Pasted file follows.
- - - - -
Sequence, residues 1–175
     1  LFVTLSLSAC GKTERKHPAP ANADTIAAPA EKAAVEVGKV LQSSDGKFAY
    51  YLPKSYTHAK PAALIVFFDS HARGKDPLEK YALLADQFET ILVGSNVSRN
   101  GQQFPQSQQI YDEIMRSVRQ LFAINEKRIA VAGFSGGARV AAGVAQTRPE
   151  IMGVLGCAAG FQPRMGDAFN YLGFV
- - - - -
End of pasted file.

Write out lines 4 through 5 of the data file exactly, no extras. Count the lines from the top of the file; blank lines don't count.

   101  GQQFPQSQQI YDEIMRSVRQ LFAINEKRIA VAGFSGGARV AAGVAQTRPE
   151  IMGVLGCAAG FQPRMGDAFN YLGFV